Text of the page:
The goal of every responsible rabbit breeder is the challenge of producing animals that best reflect the standards of perfection in type and marking for their breed.  The first step for the new breeder is to build a base to start from.  That is best done by purchasing the highest quality pedigreed stock the breeder can afford.  This is normally accomplished by visiting rabbit shows and buying from reputable and experienced breeders who often bring to the show breeding quality rabbits from their stock that they are willing to sell.  With that done, the real work can begin.  With every great task undertaken, the devil is always found in the details and this is no less true than when working with the variables of genetics.  Once the breeder is armed with a fundamental understanding of genetics plus the skill to recognize the strengths and weaknesses in his or her base breeding stock, that knowledge can be put to work matching prospective breeding pairs.  The key to producing quality animals always rests with selective breeding to cultivate and enhance positive characteristics while culling out the less desirable.  The design of the breeding program is the search for the elusive perfect rabbit.   

In the search for perfection, probably few other rabbit breeds is the bar raised higher than it is for the Dutch.   Considered the fancy rabbit, the pursuit of near perfection in its markings is a true test of patience and perseverance on the part of the breeder.   In the case of the Dutch, it almost seems that if something can go wrong it will.  From a cheek that is too long to stops that are uneven to a slight spot on the end of the nose, all are faults and imperfections that either can be a disqualification or at least points lost at the judging table.   Don’t get me wrong, this is not a complaint. On the contrary, it is a statement about what makes raising Dutch Rabbits so challenging and interesting.  If it were easy to raise the perfect Dutch Rabbits everyone would be doing it.  And what personal satisfaction would there be in finding success at something that offers no challenge.


The American Rabbit Breeder Association, (ARBA), recognizes 6 distinctive varieties of Dutch Rabbits, the Black, Blue, Chocolate, Gray, Steel, and Tortoise.  Other varieties exist and are popular in European countries and else where around the world where these other varieties are recognized.



*Not Pictured - Steel & Tortoise

General Type

When showing the Dutch Rabbit, the general type makes up 50% of the judging points with the marking making up the other 50% for a total of 100 points.

The term “Type” refers to the pleasing coupling of proportion and contour in respect to the shape of the body, in combination with the appearance and proportion of its individual parts and how they all harmonize and give balance to the whole.  Special attention is paid to the color of the fur, the eyes and the absence of distracting imperfections in either or to other parts of the body. 


To be considered a show rabbit the body should be compact, having a close-coupled appearance with a nicely rounded back.  From directly behind the head the rabbit should display an even pleasing curve up over the shoulders it its highest point at the loin and hips, then rounding off into full and smooth hindquarters.  Looking from the top, the rabbit’s shoulders should be rounded but slightly narrower than the hips.  The hips should be well rounded, smooth and full all the way to the base of the hindquarters with no protrusion of the hips to mar the total effect.  The truly proportioned body of the Dutch rabbit is the picture of elegance.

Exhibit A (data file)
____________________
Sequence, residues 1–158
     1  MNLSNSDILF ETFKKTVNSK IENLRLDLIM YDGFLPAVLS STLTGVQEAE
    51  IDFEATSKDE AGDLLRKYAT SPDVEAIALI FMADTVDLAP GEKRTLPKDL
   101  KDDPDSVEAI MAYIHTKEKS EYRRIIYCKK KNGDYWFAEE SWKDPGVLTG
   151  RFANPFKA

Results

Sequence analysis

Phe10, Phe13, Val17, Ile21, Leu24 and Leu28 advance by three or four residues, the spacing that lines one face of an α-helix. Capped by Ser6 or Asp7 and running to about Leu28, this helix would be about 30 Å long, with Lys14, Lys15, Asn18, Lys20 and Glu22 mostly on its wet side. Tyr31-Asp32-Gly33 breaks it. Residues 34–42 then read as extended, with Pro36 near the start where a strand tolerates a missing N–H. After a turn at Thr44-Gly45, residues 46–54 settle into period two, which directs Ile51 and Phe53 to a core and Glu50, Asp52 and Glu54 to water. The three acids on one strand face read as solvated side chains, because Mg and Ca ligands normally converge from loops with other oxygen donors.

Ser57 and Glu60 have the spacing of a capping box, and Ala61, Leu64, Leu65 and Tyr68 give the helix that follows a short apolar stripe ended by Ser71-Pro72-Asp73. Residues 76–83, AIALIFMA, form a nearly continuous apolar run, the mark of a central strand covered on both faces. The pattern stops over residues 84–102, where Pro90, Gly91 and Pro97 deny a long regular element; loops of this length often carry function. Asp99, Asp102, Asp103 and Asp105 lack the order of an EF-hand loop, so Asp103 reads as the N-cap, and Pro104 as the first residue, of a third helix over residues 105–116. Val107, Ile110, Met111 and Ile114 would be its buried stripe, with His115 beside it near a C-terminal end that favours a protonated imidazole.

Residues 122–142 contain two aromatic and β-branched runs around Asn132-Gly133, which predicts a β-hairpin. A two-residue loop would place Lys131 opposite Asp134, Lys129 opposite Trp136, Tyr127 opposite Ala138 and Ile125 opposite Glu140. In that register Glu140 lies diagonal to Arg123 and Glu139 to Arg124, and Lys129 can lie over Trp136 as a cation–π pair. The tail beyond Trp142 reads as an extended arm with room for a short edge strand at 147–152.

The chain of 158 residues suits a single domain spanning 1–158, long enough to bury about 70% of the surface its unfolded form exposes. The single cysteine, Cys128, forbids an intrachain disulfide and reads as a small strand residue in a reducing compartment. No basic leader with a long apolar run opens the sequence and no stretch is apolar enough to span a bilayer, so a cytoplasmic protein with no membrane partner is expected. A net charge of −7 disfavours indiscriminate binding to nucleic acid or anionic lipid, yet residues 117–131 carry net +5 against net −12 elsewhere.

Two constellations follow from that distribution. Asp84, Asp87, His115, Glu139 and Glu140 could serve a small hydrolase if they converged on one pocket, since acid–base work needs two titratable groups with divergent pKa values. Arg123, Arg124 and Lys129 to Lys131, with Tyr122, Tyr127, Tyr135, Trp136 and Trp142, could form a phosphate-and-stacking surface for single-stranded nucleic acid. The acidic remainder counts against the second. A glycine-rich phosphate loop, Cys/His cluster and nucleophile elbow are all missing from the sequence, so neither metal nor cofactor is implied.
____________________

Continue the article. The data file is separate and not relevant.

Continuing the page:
The rabbit’s head should be rounded and full, not pear shaped, with a short neck making the head set close to the shoulders.  Ideally not more than one and a half fingertip widths of the index and middle fingers should fit between the base of the head and the beginning of the shoulders on a senior animal, one over 6 months of age.


The ears should be stocky, well furred and carried erect.  They should be in proportion to the size of the head and body of the rabbit.


The eyes should be bright and clear, free of spots or discoloration in the iris.  The color of the iris must be the same in both eyes and must match the color specified for the variety.  For example a Black, Chocolate, Gray, Steel, or Tortoise Dutch must have dark brown eye color.  It is permissible for the Chocolate Dutch to have a ruby cast to the eyes.  A Blue Dutch must have blue gray eye color.  Any other eye color or eyes that are to light in color would be a disqualification.

Feet and Legs

The feet and legs must be straight and of the proper length and size to balance and be in harmony with the body of the rabbit.  Toenails must be white in all varieties.  Nails of any other color than white are a disqualification. 


The fur should be short and dense while course enough in guard hairs to offer resistance when stroked backwards toward the head and when released the hair should fly back to its natural position and lie smooth over the entire body of the rabbit.  The coat should have a rich high luster with a dense undercoat.

The qualities of fur color are very important and vary between the different varieties. The varieties of Black, Chocolate, and Blue coats should be very glossy and uniform with the color running deep toward the skin.  The black and the blue varieties should blend into a slate blue under color at the base of the skin.  The Chocolate varieties should blend into a bluish dove under color next to the skin.

The gray varieties are more complicated and should have what is called an agouti pattern, showing distinct bands of color on the hair shaft.  Slate blue at the base, followed by medium tan, followed by charcoal brown and finishing with a lighter tan band.  The colored portions of the body should have uniformly dispersed black guard hairs.  A narrow strip of black hair should band the ears and the eye circles should be a narrow band of tan colored hair.  The underbelly should be a white or cream surface color with a slate blue under coat. The top of the tail and bottom of the tail should complement the body colors.